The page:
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Holy Cross Catholic Cemetery in Fresno is the final resting place of 28 Mexican workers who died in a plane crash in 1948. The workers were buried in a mass, unmarked grave and it was not until 2013 that a marker was placed at the site of their burial. The crash inspired the Woodie Guthrie song, “Deportee.”


  • Los Gatos crash memorial dedication
  • The original grave marker
  • Newspaper headline about the crash

The plane, which was chartered by US Immigration and Naturalization Service,  carried 32 people, most of whom were Mexican farm laborers. Some were part of the bracero program and were returning home, having reached the end of their contract, and others were in the United States illegally and were being deported to Mexico. 

The flight departed on January 28, 1948, and after making a stop in Oakland, the plane headed toward Burbank for refueling. Workers on the ground in Fresno reported seeing the plane trailing smoke shortly before the port wing was torn off, spilling some of the passengers out of the fuselage. The plane crashed into the Diablo Mountains near Los Gatos Creek, exploding on impact. Everyone on board—the 28 workers, three crew members, and an immigration guard—were killed.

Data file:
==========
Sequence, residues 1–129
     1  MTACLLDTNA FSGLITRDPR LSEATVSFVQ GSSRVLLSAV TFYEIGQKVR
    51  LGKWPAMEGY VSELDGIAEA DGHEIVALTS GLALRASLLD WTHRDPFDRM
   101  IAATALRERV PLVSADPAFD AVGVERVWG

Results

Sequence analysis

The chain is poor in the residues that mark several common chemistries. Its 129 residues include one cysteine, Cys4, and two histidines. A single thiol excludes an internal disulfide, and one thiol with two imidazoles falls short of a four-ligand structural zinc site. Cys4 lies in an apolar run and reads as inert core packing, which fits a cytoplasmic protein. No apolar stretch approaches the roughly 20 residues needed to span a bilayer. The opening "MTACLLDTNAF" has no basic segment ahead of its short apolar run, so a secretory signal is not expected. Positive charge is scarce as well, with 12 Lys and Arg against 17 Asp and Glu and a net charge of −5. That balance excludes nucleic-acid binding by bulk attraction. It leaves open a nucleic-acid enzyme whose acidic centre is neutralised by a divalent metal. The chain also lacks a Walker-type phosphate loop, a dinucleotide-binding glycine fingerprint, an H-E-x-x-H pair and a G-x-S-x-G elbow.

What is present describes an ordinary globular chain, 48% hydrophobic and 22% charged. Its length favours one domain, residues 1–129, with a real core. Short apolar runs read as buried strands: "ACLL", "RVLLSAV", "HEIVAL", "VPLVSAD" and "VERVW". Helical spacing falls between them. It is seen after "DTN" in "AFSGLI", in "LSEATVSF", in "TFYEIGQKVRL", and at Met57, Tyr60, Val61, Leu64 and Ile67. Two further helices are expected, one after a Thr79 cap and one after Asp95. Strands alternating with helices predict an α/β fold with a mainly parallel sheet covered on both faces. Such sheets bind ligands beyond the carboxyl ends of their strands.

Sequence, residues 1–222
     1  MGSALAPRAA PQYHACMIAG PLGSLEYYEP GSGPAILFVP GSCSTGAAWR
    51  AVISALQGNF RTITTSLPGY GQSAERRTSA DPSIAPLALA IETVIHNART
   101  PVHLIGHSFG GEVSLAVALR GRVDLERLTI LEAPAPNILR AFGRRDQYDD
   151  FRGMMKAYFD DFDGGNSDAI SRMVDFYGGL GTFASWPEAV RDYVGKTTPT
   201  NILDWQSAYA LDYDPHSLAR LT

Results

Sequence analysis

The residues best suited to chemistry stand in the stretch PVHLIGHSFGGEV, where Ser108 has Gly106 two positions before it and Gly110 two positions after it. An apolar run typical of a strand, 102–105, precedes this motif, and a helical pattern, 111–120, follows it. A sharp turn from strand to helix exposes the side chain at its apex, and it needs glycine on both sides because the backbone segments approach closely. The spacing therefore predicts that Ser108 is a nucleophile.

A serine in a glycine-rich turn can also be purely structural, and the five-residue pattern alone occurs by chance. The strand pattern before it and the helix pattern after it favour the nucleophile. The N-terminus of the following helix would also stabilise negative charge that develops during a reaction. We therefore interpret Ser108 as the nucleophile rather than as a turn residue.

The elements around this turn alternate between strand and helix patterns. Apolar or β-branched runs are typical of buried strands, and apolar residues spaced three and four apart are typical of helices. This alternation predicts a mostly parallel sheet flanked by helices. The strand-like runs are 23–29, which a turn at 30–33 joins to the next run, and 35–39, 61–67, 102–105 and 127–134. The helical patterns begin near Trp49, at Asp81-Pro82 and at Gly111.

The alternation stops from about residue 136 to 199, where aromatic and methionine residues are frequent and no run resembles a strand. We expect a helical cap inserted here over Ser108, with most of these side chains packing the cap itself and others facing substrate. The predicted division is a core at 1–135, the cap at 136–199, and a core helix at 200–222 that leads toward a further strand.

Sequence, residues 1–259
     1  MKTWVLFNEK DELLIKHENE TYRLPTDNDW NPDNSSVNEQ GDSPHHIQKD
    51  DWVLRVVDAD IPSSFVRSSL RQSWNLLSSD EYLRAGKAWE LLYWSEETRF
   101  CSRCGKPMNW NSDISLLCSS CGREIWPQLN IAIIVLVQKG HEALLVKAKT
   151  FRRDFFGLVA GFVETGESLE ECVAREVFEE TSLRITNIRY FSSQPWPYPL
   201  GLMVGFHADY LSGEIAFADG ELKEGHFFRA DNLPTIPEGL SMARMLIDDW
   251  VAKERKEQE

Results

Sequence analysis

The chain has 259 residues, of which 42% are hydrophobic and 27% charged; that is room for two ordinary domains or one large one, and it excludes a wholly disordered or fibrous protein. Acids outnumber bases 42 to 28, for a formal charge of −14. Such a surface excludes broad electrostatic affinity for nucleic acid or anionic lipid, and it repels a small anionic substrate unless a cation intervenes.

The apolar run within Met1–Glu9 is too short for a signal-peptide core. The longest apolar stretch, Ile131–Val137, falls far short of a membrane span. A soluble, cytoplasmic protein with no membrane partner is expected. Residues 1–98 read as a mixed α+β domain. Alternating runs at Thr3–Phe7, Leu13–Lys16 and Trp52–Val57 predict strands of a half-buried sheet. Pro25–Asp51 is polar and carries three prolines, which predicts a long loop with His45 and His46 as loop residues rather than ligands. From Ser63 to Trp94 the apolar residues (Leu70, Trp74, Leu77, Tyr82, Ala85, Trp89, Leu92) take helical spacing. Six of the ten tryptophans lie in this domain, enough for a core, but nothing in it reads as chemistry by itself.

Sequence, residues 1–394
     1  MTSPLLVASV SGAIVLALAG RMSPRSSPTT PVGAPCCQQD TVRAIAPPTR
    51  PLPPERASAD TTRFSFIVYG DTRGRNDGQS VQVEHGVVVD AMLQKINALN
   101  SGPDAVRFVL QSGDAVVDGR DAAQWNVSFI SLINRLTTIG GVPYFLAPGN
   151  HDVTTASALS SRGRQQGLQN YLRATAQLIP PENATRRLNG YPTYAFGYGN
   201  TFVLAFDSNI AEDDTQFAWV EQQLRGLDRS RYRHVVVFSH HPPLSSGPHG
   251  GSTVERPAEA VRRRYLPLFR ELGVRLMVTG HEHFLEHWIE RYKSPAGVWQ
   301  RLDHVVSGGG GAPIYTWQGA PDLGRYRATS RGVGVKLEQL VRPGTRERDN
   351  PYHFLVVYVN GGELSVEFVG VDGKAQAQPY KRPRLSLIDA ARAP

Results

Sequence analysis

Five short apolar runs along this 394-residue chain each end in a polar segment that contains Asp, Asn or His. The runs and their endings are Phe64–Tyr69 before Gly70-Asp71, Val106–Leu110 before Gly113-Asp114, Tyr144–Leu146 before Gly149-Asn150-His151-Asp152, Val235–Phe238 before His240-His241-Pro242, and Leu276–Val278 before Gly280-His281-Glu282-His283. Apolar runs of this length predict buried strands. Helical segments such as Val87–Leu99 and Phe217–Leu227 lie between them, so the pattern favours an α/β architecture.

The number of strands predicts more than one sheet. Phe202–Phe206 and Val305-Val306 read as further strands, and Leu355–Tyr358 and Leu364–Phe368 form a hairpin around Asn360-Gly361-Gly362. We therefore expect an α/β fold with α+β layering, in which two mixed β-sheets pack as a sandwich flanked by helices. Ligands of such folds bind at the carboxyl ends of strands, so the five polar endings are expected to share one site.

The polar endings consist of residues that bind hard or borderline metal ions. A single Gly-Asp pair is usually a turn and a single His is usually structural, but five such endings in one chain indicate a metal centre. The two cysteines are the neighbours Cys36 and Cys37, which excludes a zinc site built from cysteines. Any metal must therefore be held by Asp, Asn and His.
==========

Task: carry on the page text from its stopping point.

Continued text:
The Mexican passengers were buried in a mass grave at Holy Cross Catholic Cemetery in Fresno, with their grave identifying them simply as “28 Mexican citizens who died in an airplane accident.” News accounts of the accident identified the American victims but identified the Mexican victims only as “deportees.” The treatment of the Mexican victims angered Woodie Guthrie, and his anger led him to compose the folk song “Deportee (Plane Wreck at Los Gatos)”.

The grave of the Mexican workers remained unmarked until September of 2013, when a marker was placed at their grave site. Hundreds of people attended the dedication ceremony, where renditions of “Deportee” were performed.

Wollan, Malia. 65 Years Later, a Memorial Gives Names to Crash Victims. New York Times. September 03, 2013. Accessed January 07, 2017. http://www.nytimes.com/2013/09/04/us/california-memorial-names-crashs-forgotten-victims.html.